Students were informed of the certificate at the beginning of the school year, he said. Although only eighth-graders are eligible, teachers are working to prepare sixth and seventh-grade students for the certification opportunity.
“Our biggest obstacle is the EXPLORE assessment,” Bicknell said. Teachers are preparing students for EXPLORE’s more rigorous questions, which are different than years past, he said, as well as promoting test-taking skills and practices.
The focus on college and career-readiness in high schools was another reason the middle school principals created the certification, Bicknell said.
In Kentucky’s new accountability system, Unbridled Learning, “college and career-readiness” is a major component in middle/high school assessment.
College Readiness is assessed using EPAS (Educational Planning and Assessment System) which consists of three tests: EXPLORE, administered to eighth-graders in September; PLAN given to tenth-graders, also in September; and ACT, taken by 11th-graders in March. These test are administered nationwide.
In middle schools, College Readiness is based on the percentage of students who meet the EXPLORE benchmarks in three academic areas, Reading, English and Mathematics. This component accounts for 18 percent of a middle schools’ overall score.
High schools are held accountable for both college and career-readiness, which makes up 20 percent of a school’s score.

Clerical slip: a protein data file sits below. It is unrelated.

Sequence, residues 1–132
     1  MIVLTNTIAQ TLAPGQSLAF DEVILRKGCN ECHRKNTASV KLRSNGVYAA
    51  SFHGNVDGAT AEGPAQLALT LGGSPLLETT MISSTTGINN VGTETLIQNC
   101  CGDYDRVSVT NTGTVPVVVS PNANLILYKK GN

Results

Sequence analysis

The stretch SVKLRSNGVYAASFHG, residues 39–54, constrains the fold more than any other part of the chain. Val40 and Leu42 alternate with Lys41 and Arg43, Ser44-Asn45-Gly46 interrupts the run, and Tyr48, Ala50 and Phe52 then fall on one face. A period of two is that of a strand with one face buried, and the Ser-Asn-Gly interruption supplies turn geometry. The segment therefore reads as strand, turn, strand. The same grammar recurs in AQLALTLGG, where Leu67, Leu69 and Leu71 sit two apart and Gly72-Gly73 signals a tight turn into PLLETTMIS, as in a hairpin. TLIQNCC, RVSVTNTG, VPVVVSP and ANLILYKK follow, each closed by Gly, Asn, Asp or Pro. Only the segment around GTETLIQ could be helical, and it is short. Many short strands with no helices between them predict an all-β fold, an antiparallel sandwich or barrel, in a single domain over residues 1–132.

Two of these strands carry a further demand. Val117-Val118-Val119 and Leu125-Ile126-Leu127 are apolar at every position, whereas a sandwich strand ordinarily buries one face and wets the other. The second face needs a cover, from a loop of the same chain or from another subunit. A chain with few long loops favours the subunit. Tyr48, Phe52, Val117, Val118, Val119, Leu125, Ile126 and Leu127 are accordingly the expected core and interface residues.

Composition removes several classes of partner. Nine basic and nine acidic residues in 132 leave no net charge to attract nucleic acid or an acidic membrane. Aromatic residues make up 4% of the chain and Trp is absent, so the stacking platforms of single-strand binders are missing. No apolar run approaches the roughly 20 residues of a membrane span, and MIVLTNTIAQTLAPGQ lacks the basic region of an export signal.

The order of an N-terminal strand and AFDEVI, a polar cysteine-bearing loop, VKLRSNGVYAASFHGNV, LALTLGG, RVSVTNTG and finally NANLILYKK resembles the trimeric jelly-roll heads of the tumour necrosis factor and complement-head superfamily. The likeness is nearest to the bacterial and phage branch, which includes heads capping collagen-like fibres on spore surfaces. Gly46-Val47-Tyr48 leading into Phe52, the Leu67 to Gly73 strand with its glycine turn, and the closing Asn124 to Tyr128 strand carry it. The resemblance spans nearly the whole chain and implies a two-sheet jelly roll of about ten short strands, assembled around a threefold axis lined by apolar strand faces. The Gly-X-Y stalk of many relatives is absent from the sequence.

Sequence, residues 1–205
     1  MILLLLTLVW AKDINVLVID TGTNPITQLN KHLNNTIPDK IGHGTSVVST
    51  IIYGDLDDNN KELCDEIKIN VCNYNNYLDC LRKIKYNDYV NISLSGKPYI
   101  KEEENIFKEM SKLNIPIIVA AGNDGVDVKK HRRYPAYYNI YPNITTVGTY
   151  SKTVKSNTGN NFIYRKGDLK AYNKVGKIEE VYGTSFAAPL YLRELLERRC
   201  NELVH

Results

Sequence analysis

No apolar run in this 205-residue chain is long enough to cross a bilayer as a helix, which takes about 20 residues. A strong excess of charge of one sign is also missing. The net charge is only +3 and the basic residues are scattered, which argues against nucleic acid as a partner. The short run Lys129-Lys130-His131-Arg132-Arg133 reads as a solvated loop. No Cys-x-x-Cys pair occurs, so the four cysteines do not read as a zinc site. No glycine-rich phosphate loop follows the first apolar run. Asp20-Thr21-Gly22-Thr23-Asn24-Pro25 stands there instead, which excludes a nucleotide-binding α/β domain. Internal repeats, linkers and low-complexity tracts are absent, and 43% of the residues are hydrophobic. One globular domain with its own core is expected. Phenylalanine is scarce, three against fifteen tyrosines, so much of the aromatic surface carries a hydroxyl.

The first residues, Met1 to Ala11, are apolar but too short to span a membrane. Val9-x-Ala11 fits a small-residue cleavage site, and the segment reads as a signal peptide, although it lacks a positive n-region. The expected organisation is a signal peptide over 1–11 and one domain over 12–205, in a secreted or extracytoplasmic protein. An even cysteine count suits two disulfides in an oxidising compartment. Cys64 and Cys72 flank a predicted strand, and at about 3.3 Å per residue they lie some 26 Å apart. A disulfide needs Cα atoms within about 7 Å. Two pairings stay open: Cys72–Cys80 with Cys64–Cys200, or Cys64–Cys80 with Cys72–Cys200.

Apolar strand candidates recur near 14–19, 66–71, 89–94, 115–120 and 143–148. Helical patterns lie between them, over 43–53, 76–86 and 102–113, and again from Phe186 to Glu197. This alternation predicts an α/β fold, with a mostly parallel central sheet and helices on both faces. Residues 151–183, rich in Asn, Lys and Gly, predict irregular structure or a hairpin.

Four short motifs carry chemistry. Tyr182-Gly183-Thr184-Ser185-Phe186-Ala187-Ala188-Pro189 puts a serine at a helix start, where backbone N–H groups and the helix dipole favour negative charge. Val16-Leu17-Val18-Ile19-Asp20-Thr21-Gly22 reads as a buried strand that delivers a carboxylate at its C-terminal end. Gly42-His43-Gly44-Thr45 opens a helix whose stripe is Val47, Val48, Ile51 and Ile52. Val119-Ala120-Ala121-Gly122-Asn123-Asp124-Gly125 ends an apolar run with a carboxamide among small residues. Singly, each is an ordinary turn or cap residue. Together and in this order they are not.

High school students are considered “career ready” by achieving a qualifying score on the ACT, the ASVAB (military assessment test), COMPASS (Computer Adaptive Placement Assessment and Support System), KYOTE (Kentucky On-line Test), the ACT WorkKeys, a job skills assessment system that measures foundational and soft skills, or KOSSA (Kentucky Occupational Skill Standards), an industry-recognized certificate in a vocational field.
Creating a Work Ready Community
The Richmond Chamber wants Madison County to be certified as a Work Ready Community, an initiative by Gov. Steve Beshear, Goble said. To meet this goal, local educators and business people are collaborating to implement “soft skills” at the school level.
Representatives of organizations from all over the state will meet next week to discuss a pilot curriculum that will develop soft skills in all of the county’s high schools.
“We don’t know what that curriculum looks like yet, but that is what the meeting is all about,” Goble said.
Being a Work Ready Community “assures employers that a local workforce has the talent and skills necessary to staff existing jobs and to master the innovative technologies new jobs will require,” according to a release by the state’s Education and Workforce Development Cabinet.
Boyle County received the designation earlier this month.
Counties must meet criteria in six areas including high school graduation rate, National Career Readiness Certificate holders (an ACT test), demonstrated community commitment, educational attainment, soft-skills development and digital literacy.
Madison County will need to work on soft-skill development and the number of National Career Readiness Certificate holders to achieve the designation, Goble said.
Crystal Wylie can be reached at firstname.lastname@example.org
or 623-1669, Ext. 6696.
New certification program ‘raising the bar’